Connecting habitats in estuaries

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Intertidal seagrass bed in Whangapoua Harbour. (Photo: Sarah Hailes)
Low tide reveals the traps for sampling animals within the seagrass. (Click for detail.) (Photo: Carolyn Lundquist)
Current profilers are positioned to measure near-bed currents inside and outside the seagrass bed.

PDF of this article (227 KB)

Intertidal seagrass bed in Whangapoua Harbour. (Photo: Sarah Hailes)
Low tide reveals the traps for sampling animals within the seagrass. (Click for detail.) (Photo: Carolyn Lundquist)
Current profilers are positioned to measure near-bed currents inside and outside the seagrass bed. (Photo: Carolyn Lundquist)

As local communities and management agencies set out to restore New Zealand estuaries, Carolyn Lundquist, Judi Hewitt, and Conrad Pilditch are looking for ways to ensure they succeed.

Estuaries in New Zealand are composed of many different habitat types, including unvegetated habitats like sand and mudflats, and vegetated habitats like mangroves and seagrass. Human-induced disturbances, such as sediments washed down from residential development, can affect animals living within the estuary and change the relative proportions of different habitat types. For example, seagrass habitats have declined in estuaries throughout the North Island, while mangrove coverage has increased in the upper reaches of many estuaries. We must understand how these different habitat types are connected in order to predict how changes in their distribution might affect recovery in our estuaries. Realising that restoration is more complicated than merely planting seagrass or transplanting shellfish, we are looking at the natural processes that determine colonisation of habitats in estuaries.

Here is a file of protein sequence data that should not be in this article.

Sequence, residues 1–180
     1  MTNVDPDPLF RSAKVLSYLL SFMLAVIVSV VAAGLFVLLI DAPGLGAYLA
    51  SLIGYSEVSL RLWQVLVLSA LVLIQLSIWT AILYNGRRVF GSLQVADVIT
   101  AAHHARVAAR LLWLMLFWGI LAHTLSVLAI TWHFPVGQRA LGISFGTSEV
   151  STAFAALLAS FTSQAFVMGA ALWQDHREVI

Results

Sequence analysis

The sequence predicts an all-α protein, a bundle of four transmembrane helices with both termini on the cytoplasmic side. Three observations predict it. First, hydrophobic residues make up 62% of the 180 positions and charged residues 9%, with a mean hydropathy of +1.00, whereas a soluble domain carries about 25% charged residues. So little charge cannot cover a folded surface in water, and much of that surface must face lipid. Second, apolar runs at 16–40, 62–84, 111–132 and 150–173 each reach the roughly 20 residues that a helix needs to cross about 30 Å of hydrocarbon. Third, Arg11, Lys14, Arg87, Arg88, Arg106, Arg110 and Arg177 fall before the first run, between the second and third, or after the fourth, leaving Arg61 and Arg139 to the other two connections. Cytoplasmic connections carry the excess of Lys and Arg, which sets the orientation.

Recolonisation in estuaries

The animals that live in the sediments within vegetated habitats like seagrass and mangroves are the same as those living in nearby unvegetated sand and mudflat habitats. Colonisation depends in part on organisms – often in the larval or juvenile stages – being moved around the estuary by water currents. However, colonisation rates differ between habitats within estuaries. Using hydrodynamic models, NIWA scientists have shown that transport of organisms within estuaries (and thus the likelihood of recolonisation after a disturbance) is more limited than was previously thought. For example, tidal creeks, often protected from wind and waves, are much less likely to be recolonised than exposed sandflats. As we learn more about the recovery processes in estuaries, we also need to understand how vegetation affects the transport of organisms, and how the mosaic of habitat types within estuaries functions together.